Diagnosis of CLL
The diagnosis of CLL requires an absolute lymphocytosis in the peripheral blood, composed of ≥5000 mature appearing lymphocytes/µL.1 Flow cytometry is essential for making the diagnosis of CLL and ruling out other morphologically similar appearing lymphoid malignancies. The typical immunophenotypic signature of CLL is CD5+, CD23+, FMC7-, with weak expression of surface immunoglobulin and CD20.5 A bone marrow biopsy is not required for the diagnosis of CLL; greater than 30% lymphocytes in the bone marrow is consistent with the diagnosis of CLL.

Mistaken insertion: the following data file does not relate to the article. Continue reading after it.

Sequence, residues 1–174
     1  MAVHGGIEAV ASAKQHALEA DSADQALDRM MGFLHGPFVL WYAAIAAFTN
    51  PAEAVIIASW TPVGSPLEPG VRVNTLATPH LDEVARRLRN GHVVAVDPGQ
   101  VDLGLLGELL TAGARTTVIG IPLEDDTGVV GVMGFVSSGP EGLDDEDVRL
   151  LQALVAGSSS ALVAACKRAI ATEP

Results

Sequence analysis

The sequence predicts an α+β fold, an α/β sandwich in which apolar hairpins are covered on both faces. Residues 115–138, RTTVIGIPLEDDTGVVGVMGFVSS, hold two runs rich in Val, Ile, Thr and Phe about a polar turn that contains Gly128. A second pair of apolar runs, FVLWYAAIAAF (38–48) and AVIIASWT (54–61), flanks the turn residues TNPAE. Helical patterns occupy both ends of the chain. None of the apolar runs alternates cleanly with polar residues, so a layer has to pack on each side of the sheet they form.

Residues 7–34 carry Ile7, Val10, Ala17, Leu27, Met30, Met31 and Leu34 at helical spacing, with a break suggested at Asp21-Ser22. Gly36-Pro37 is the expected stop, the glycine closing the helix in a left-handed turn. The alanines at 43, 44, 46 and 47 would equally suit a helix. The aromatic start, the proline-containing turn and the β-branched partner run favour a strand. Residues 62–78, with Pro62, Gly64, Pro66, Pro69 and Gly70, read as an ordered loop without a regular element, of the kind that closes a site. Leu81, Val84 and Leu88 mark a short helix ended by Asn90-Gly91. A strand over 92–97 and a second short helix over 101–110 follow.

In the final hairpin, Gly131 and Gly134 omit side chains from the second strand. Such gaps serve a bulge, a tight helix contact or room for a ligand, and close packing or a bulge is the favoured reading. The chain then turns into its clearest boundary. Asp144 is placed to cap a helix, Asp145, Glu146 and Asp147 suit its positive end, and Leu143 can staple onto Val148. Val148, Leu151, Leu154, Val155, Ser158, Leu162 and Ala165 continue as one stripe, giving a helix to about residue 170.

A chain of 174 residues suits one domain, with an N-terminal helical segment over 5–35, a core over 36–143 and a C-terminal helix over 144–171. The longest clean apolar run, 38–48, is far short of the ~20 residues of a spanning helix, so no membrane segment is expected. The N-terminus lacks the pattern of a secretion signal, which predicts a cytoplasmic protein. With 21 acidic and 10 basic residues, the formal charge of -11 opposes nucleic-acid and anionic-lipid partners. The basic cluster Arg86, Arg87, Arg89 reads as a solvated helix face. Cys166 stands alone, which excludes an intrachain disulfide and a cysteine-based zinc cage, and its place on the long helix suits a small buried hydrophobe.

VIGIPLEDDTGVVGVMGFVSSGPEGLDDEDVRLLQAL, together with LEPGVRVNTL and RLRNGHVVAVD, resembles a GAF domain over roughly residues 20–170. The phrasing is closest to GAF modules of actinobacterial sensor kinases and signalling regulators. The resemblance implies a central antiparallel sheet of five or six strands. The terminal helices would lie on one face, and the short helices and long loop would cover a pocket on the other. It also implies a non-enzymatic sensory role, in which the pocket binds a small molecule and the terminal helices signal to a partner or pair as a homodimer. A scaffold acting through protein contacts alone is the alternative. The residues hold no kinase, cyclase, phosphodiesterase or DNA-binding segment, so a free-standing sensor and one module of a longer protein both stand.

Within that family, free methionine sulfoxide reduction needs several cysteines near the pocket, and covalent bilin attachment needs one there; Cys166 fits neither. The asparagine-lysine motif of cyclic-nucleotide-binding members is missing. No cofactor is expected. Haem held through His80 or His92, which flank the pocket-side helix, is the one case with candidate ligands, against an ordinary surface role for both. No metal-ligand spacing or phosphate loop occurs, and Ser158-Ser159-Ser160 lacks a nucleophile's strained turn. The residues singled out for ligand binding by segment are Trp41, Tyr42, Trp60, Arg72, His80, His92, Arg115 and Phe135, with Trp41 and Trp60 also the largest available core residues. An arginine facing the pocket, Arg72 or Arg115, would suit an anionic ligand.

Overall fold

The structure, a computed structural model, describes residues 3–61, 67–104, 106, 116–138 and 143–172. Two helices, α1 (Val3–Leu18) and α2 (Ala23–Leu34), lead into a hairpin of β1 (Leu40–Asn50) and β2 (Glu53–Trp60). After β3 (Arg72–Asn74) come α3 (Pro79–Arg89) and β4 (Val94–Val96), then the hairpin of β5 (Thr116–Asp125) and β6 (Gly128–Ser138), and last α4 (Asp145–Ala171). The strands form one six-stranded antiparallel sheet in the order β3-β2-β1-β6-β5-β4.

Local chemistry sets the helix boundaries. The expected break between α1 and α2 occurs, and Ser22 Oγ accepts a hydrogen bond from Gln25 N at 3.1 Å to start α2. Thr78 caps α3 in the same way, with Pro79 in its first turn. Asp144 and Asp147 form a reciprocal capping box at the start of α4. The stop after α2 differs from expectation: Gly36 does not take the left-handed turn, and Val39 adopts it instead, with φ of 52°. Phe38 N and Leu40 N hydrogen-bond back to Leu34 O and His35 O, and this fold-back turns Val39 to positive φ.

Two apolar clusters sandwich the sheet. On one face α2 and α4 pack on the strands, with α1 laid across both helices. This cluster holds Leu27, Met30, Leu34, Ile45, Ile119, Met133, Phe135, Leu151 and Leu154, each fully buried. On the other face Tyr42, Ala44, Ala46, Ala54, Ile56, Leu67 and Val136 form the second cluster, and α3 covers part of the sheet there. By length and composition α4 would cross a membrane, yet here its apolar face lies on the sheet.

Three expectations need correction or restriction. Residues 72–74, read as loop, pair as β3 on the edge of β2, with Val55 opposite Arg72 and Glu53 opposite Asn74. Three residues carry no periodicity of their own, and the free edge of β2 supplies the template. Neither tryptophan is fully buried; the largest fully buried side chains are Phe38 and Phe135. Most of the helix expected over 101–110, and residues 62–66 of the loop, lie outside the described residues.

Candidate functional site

Most patients with CLL will have progressive, symptomatic disease that will require treatment. Once treatment is initiated, the natural history of CLL is initial response to therapy followed by multiple relapses, ultimately culminating in refractory disease and death, most often due to infection. Since no chemotherapy has been shown to be curative for patients with CLL,6 early treatment of asymptomatic patients is not warranted.Although recent advances in identifying molecular and cellular prognostic markers such as ZAP-70 expression,7 CD38 expression,8 mutational status of immunoglobulin heavy chain variable region (IgVH)9 and cytogenetics10 have helped to stratify patients on clinical trials, prospective studies are needed to validate these markers in the setting of modern therapy. Until these data are widely available, treatment guidelines are those provided by the National Cancer Institute (NCI) Working Group, which are based on the classic clinical staging systems of Rai and Binet.11,12